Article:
“By now in Malawi, every institution, including Malawi Prisons Service, should now accept the possibility of having homosexuals. With lots of Malawians coming out clear that they are homosexuals, we can’t rule out the fact that we might have homosexuals in our prisons, since we have prisoners coming from the very same societies where homosexuality is gradually gaining ground. But as it stands, no prisoner has come out clear to declare that he is a homosexual,” he said.

He, however, said he would not know the extent to which homosexuality is practised in prisons.

“I cannot delve into statistics because no valid survey has been conducted on the same and no results have been shared with the Malawi Prison Service. We rely on what has been reported by those who are abused, since these things happen behind our backs, especially at night in their cells. We encourage stage leaders (anyapala) to be our eyes and report such cases. So, based on what is reported to the authorities, I wouldn’t say it is rampant,” he said, but added that any case that is reported to the prison authorities is dealt with as a criminal case.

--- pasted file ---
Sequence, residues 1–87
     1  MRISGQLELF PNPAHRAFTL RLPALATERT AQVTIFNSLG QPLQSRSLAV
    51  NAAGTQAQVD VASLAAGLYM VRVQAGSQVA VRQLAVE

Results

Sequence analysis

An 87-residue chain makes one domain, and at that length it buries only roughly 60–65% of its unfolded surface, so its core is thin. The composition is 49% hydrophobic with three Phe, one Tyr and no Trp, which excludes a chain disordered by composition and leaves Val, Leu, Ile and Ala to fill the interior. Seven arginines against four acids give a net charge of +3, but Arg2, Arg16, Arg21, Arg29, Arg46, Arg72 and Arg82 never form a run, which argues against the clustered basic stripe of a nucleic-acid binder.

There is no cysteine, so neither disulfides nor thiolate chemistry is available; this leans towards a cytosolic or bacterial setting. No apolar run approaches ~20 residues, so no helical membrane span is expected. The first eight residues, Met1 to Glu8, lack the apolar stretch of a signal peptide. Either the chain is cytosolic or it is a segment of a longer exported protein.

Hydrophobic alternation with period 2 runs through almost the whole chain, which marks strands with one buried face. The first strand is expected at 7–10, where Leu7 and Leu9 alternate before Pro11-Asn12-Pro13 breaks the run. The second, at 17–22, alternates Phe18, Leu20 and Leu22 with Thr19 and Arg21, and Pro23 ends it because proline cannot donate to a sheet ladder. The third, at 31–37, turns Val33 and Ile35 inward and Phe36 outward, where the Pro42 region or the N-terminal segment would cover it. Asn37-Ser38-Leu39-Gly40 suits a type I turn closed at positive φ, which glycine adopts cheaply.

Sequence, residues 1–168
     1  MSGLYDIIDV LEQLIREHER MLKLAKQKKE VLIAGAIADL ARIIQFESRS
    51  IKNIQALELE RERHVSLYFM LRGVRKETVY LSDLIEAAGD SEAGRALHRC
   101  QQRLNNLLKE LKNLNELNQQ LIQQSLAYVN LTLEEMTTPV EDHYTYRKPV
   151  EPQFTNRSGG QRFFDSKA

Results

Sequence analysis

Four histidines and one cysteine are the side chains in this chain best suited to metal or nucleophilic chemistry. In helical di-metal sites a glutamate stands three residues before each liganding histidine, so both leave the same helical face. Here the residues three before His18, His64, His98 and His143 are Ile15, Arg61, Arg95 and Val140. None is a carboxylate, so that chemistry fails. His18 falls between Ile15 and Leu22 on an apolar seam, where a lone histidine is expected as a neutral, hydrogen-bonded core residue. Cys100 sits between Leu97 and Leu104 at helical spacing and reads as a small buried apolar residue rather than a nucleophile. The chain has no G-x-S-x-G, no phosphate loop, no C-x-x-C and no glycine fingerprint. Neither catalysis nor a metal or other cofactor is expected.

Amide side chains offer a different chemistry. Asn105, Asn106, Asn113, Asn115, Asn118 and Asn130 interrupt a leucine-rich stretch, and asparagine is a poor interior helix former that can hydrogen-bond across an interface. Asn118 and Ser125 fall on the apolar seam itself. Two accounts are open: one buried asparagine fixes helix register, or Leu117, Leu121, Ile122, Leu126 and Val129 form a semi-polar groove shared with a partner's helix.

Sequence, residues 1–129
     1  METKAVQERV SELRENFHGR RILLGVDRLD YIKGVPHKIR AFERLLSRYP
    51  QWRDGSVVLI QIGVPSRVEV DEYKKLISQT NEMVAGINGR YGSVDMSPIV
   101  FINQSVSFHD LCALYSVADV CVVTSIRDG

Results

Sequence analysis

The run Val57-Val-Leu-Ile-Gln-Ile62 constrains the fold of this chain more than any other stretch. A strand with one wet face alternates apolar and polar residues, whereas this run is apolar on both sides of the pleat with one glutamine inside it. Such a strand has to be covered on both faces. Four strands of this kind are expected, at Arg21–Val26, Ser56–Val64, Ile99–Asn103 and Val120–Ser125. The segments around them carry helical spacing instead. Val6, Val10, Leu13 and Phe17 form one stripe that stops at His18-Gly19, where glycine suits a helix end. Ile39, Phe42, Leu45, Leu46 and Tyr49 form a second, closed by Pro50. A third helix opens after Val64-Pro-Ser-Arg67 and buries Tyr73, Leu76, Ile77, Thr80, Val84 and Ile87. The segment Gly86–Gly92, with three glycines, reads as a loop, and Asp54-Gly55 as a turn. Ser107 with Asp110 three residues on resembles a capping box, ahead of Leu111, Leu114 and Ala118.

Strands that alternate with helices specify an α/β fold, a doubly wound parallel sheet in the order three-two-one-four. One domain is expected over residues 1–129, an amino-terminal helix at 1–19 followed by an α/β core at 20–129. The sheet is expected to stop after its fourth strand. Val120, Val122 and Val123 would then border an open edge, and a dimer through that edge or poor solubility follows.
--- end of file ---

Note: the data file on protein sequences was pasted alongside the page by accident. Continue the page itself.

“We only deal with issues that are reported. If a prisoner reports any sexual abuse, specifically that of sodomy or homosexuality, we regard that as a criminal offence and the issue is handled in coordination with Malawi Police Services. Recently, we had a case at Bzyanzi Prison and the case was handled by the courts.”

“We encourage prisoners to report any abuse by their fellow prisoners, and even those orchestrated by our officers. Our role is to continuously encourage prisoners who might be abused or see others practising homosexuality in prisons to report them to the authorities because homosexuality remains illegal, hence as a law-abiding security institution, we cannot entertain such illegal practices to be happening under our watch.”